The Magic of Big-time Theater in a Small West Virginia Town

WTOP's Shawn Anderson chats with CATF founder Ed Herendeen

Jason Fraley

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WASHINGTON — Broadway-quality actors. Cutting-edge American playwrights. Thought-provoking, original productions. We’re not talking about New York. We’re talking West Virginia.

Every July, tiny Shepherdstown, tucked away in the state’s Eastern Panhandle, becomes a hothouse for some of America’s most innovative live theatre.

The 27th annual Contemporary American Theatre Festival (CATF) is running now through July 30 at Shepherd University. Six new plays, some of them world premieres, are staged in rotating repertory on the campus stages near the banks of the Potomac.

“We’re outside the glare of the urban spotlight,” founder and producing director Ed Herendeen told WTOP. “So our artists, playwrights, actors, directors and designers can take the kind of risk in the safe atmosphere of Shepherdstown. I’d like to think we’re creating dangerous, and sometimes important, disturbing works of art.”

Apparently, it’s paid off. CATF’s reputation and reach has grown so much over the decades that the New York Times listed it this year as one of its Top 15 international choices for summer theatre festivals. Last year, theatre-goers from 37 states took in the festival’s plays, lectures and post-show discussions, which take on diverse and sometimes difficult subjects.

“Let’s make America think again,”Herendeen said. “We like to say ideas are powerful and essential, but stories are more powerful.”

For example, the world premiere of Chelsea Marcantal’s “Everything Is Wonderful” explores how an Amish family fights to maintain faith after two sons are killed in a car accident. Evan Linder’s “Byhalia, Mississippi” follows a white couple in a small town haunted by its racially-charged history.

Herendeen says the goal is to have all six plays create a moment for a debate, dialogue or living conversation.

“Theatre provides that opportunity to really hear, to see and to listen,” Herendeen said. “Maybe we can go home and talk to one another about the issues raised.”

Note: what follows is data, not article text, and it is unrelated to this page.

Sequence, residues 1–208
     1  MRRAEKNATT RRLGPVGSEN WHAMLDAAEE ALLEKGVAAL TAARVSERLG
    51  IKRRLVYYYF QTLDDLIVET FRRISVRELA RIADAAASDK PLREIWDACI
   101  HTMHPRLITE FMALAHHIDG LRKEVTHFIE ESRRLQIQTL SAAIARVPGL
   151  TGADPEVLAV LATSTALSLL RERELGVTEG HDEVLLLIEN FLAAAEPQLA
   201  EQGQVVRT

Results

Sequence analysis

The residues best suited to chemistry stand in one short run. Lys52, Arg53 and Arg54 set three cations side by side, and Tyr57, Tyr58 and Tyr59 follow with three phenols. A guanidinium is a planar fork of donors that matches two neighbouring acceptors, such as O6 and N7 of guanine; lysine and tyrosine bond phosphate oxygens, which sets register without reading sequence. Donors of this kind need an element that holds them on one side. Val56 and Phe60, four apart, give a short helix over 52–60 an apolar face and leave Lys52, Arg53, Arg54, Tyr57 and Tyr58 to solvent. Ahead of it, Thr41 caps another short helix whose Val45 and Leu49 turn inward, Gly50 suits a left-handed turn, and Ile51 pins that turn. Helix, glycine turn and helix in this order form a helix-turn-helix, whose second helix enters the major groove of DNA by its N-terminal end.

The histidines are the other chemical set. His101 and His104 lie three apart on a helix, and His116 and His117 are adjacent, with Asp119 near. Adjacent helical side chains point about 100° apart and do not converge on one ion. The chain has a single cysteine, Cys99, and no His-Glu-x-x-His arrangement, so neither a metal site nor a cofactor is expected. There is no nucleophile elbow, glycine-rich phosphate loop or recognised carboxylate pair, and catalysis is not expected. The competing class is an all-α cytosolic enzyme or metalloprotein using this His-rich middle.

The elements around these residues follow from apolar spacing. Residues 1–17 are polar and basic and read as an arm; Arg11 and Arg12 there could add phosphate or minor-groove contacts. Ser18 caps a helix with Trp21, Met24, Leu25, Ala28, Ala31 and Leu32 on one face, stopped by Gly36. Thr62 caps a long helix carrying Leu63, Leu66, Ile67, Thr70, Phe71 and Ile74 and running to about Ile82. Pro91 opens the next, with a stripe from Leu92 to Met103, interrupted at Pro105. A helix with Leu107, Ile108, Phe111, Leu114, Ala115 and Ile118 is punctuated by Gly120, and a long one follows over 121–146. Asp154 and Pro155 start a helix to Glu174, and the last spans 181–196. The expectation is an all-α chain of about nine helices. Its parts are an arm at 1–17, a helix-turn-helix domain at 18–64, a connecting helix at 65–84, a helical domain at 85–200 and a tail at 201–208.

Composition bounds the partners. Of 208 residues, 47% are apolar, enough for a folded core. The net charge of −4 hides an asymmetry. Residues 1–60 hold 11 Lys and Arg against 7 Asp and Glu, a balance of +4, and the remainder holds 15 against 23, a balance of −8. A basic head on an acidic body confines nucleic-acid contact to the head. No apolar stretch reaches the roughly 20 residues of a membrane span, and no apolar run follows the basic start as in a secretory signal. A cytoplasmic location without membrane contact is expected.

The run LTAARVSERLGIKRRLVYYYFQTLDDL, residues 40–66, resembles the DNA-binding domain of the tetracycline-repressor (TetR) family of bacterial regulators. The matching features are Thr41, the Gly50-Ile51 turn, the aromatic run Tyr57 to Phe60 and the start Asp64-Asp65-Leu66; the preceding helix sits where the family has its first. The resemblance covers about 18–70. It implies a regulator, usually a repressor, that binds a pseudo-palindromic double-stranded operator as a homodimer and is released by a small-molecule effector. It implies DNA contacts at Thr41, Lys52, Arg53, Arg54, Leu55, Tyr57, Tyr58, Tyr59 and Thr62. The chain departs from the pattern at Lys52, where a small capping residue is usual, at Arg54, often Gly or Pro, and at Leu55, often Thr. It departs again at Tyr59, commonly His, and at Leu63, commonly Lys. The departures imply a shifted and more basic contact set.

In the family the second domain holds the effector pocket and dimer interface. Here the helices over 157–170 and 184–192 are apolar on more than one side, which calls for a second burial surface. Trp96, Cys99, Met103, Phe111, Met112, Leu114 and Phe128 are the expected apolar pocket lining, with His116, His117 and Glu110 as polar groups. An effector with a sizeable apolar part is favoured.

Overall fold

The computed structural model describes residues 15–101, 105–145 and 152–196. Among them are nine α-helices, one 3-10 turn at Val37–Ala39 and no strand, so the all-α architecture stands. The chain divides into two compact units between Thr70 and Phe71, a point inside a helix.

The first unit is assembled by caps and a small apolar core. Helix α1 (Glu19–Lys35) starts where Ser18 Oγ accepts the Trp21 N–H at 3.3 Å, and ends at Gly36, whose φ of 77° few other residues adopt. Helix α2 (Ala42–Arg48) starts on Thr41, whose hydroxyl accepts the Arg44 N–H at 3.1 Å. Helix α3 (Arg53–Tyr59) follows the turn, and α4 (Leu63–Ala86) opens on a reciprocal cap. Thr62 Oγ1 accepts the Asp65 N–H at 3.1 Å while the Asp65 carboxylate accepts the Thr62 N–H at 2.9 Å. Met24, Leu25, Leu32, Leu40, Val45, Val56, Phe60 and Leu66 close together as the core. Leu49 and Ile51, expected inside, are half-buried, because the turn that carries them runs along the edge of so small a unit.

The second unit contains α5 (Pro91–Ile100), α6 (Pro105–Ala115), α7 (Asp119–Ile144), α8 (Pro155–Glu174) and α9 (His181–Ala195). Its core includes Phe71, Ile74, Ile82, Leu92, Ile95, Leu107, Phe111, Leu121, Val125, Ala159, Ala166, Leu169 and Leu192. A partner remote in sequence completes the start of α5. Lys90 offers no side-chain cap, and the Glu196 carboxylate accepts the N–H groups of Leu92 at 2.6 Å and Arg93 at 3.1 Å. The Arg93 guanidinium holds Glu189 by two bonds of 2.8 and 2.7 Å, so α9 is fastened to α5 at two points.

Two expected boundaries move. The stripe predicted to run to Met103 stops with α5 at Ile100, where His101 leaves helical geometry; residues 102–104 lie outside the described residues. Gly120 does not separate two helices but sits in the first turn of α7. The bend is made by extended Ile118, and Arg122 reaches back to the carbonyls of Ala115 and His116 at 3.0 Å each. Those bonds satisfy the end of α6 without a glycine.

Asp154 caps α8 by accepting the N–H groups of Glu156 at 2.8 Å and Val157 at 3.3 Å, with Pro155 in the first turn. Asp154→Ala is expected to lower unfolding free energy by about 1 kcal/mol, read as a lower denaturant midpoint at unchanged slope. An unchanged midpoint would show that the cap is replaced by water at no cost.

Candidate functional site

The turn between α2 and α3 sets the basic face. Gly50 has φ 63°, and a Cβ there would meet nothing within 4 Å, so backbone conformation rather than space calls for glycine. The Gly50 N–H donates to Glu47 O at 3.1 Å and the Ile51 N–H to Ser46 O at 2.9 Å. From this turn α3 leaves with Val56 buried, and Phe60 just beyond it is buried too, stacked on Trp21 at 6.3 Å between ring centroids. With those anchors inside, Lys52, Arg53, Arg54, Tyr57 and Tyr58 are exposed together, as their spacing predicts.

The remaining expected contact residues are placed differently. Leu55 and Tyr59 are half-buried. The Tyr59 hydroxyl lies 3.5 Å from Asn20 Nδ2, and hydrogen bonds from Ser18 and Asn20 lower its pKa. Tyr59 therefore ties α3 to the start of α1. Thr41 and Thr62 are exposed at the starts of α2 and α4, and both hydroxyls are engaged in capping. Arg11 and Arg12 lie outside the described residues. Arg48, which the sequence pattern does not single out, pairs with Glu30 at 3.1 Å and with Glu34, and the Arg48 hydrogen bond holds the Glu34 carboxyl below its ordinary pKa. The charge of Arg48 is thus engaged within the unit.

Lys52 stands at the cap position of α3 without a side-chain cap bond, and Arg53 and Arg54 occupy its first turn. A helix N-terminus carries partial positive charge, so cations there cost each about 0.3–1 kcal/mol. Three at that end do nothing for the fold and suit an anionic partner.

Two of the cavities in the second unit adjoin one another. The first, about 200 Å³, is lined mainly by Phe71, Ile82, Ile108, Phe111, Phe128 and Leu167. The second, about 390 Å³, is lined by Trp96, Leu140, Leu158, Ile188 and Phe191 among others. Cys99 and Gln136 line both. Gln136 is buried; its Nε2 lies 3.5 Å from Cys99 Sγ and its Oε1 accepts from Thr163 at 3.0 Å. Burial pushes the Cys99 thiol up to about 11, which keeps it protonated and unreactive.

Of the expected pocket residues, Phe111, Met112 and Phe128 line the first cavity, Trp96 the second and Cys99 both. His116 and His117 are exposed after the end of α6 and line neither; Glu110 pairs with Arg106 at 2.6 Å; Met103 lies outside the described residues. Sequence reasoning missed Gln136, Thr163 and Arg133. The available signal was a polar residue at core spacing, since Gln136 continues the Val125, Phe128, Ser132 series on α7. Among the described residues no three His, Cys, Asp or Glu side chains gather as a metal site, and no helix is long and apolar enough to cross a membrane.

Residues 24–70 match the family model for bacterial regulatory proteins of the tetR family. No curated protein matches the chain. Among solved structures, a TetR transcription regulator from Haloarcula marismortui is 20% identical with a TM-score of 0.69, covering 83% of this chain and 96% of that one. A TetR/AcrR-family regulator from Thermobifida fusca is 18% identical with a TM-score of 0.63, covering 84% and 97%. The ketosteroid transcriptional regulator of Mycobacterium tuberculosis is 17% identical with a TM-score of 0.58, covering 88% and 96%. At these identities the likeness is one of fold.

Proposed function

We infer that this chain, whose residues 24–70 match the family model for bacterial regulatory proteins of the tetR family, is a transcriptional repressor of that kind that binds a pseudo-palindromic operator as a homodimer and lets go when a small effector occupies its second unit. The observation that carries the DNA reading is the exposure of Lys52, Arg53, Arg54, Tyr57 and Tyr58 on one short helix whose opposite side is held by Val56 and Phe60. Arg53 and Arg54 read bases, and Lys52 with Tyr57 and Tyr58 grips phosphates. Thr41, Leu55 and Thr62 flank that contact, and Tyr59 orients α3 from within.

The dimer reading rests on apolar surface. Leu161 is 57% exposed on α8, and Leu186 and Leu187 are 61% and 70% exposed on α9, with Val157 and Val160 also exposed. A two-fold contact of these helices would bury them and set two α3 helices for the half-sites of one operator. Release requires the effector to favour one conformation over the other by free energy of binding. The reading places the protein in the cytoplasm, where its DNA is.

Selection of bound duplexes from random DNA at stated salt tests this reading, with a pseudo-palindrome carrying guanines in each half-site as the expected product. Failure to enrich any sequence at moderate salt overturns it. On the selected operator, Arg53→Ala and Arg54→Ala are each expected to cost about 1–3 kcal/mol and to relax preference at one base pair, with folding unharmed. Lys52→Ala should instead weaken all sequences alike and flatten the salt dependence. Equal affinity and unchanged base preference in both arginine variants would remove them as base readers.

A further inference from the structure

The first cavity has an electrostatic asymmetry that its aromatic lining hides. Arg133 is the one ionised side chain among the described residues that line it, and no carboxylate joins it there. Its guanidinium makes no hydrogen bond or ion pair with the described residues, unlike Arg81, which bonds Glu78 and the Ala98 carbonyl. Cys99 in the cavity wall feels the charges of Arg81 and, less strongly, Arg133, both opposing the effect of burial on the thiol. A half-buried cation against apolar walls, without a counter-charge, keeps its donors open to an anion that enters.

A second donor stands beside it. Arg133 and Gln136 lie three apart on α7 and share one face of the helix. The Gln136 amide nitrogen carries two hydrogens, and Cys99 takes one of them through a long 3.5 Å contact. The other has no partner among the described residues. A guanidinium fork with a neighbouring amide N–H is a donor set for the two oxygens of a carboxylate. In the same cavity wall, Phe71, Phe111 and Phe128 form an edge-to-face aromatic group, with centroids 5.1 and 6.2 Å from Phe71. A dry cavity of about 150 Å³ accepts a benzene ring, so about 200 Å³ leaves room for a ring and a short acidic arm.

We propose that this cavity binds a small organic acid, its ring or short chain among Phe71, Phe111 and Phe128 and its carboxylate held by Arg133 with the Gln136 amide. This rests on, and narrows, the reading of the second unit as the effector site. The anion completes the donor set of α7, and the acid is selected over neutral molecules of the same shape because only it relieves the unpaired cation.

Other plays on this year’s program include:

  • “We Will Not Be Silent” by David Meyers. The world premiere tells the real -life story of Sophie Scholl, who lead the only act of civil disobedience in Germany during the Nazi reign.
  • “The Niceties” by Eleanor Burgess. The story highlights a baby boomer versus millennial ideas clash between a liberal college professor and one of her prized left-wing students.
  • “Welcome to Fear City” by Kara Lee Corthron. This world premiere looks at the start of hip-hop culture in the Bronx during an explosive time in the late ’70s.
  • “Wild Horses” by Allison Gregory. This production is a girl’s coming of-age story as seen through the eyes of her adult self.

The schedule is spaced out so that patrons can see all six plays in two days if they wish. There are also breakfasts, lunches, lectures and staged readings with the festival’s participants.

An added benefit is the array of shops, restaurants and bars in the charming downtown. A few years ago, Budget Travel magazine named Shepherdstown as one of “America’s Coolest Small Towns.” You can also combine the festival with side trips to nearby Harpers Ferry and Antietam National Battlefield in Sharpsburg, Maryland.

“It’s great that this magical, historical town is home to contemporary stories and contemporary plays,” Herendeen sad.

Click here for more information. Listen to the full conversation with founder Ed Herendeen below:

WTOP's Shawn Anderson chats with CATF founder Ed Herendeen

Jason Fraley

Download audio

The post The magic of big-time theater in a small West Virginia town appeared first on WTOP.

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